A. R. SHISHKINA
National Research University Higher School of Economics
Keywords: Arab Spring, protests, civil society, opposition, social identity
A series of mass protests in Arab countries that began in 2011 drew particular attention to the role of civil society and social movements in democratic transit processes. It is associated with the beginning of protests and mass demonstrations that ultimately led to regime change in Tunisia, Egypt and Libya, stimulated significant reforms in many countries, and provoked significant international tensions around, for example, the situation in Syria. Nevertheless, the question of the applicability of the phrase "civil society" to Arab countries remains the subject of scientific discussion.
Let's try to analyze this issue taking into account some features of the development of the modern world.
As a rule, the concept of civil society is perceived by researchers through the prism of the Western tradition, where it has been formed, developed and taken institutionalized forms throughout history.
It is generally accepted that civil society belongs to the "zone of voluntary social life outside the family or belonging to a clan" 1, therefore, "its strategic area is located between citizens and the state", but at the same time it is separated from market relations 2.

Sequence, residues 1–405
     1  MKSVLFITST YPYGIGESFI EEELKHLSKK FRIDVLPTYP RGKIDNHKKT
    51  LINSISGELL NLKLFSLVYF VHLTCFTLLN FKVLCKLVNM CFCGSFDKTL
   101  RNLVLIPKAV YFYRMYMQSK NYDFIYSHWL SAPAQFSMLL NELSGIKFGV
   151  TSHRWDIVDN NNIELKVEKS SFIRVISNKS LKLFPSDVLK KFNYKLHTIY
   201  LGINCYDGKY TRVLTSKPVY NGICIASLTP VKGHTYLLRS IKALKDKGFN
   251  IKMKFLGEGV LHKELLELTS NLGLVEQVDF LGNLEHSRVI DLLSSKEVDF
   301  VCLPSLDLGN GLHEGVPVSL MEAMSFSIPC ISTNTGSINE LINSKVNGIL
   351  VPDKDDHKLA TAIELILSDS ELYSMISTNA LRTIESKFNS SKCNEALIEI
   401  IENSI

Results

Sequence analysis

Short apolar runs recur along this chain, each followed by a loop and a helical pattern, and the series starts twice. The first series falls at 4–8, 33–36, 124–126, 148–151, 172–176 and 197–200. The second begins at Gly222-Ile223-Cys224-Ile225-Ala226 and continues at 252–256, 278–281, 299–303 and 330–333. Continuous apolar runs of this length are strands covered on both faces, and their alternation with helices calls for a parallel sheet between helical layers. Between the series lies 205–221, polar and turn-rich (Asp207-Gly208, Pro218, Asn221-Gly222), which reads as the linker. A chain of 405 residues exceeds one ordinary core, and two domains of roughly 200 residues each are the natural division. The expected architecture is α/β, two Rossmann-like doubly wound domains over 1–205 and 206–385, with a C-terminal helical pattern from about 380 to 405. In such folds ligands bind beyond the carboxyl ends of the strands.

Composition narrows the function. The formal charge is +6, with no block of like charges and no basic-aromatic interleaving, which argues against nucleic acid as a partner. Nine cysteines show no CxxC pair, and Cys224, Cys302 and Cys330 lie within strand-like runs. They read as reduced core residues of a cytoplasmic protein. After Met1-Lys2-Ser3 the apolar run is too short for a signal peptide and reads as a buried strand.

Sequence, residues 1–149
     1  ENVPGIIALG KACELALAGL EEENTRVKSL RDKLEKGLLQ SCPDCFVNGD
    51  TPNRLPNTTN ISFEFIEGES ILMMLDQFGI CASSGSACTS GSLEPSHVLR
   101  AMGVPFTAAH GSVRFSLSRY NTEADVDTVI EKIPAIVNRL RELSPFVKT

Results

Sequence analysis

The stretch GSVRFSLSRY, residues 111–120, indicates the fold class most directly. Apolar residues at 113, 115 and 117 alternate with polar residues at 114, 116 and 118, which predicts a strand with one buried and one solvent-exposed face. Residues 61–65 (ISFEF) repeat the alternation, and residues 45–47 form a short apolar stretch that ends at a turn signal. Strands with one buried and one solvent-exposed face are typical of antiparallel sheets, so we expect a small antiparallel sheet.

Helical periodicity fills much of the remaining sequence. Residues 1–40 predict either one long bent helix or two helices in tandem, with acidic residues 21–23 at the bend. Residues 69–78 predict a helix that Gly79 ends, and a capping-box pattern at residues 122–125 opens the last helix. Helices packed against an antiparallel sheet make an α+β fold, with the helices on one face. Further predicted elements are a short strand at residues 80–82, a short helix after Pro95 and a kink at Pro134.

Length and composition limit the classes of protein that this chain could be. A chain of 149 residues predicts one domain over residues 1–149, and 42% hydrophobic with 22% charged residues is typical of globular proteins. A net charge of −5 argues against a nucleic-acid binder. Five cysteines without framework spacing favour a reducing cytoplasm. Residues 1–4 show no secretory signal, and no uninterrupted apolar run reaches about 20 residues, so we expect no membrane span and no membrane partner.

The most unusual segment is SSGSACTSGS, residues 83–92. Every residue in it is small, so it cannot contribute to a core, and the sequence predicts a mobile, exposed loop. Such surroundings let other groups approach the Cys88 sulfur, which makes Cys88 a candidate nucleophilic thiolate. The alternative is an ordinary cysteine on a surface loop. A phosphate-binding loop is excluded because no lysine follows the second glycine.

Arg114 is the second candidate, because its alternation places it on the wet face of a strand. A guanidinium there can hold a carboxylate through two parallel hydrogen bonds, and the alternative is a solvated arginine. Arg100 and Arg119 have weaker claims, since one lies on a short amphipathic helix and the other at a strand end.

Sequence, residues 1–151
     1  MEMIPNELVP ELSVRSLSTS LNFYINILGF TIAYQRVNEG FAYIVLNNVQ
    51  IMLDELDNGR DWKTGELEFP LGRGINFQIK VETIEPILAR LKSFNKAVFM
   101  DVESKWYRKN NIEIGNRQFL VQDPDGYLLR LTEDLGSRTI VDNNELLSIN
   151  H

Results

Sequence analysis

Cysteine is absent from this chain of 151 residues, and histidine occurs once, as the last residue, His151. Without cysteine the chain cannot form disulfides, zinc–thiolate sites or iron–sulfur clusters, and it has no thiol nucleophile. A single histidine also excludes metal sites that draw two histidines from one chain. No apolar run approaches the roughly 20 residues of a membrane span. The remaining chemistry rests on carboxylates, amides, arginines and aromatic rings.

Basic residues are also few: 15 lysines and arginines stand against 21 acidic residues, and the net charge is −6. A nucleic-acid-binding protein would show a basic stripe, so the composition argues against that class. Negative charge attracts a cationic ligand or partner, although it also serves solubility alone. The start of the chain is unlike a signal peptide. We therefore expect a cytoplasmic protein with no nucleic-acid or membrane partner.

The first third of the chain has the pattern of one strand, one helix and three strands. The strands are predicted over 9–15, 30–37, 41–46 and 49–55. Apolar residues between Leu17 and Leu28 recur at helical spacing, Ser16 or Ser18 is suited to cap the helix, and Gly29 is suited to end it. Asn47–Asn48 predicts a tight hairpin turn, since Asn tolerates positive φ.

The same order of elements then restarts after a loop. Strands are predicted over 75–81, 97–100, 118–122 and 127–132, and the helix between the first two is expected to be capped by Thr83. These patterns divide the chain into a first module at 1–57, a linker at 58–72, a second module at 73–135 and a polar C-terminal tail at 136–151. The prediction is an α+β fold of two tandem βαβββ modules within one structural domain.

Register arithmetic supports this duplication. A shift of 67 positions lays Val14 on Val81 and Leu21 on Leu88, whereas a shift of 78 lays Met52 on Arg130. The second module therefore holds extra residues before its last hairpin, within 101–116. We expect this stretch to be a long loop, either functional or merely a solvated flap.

Thus, civil society consists of associations and organizations whose main purpose is to reflect and represent the views and interests of various groups of the population and to carry out activities and take appropriate measures. At the same time, the British orientalist, T. Niblock highlights important conditions for the functioning of relevant associations - first of all, independence from the state, commitment to the peaceful settlement of differences between individuals and communities, etc.
It should be noted that in this article, the nonviolent orientation of civil associations is considered as one of the main characteristics of civil society.
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